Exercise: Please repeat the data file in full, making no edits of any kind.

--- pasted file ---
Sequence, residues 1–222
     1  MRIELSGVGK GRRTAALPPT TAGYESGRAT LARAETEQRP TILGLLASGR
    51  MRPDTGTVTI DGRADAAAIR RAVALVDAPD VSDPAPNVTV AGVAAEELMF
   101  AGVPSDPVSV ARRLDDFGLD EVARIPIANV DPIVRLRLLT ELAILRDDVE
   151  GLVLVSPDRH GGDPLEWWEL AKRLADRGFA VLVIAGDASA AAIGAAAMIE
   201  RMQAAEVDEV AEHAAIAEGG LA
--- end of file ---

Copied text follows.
Sequence, residues 1–222
     1  MRIELSGVGK GRRTAALPPT TAGYESGRAT LARAETEQRP TILGLLASGR
    51  MRPDTGTVTI DGRADAAAIR RAVALVDAPD VSDPAPNVTV AGVAAEELMF
   101  AGVPSDPVSV ARRLDDFGLD EVARIPIANV DPIVRLRLLT ELAILRDDVE
   151  GLVLVSPDRH GGDPLEWWEL AKRLADRGFA VLVIAGDASA AAIGAAAMIE
   201  RMQAAEVDEV AEHAAIAEGG LA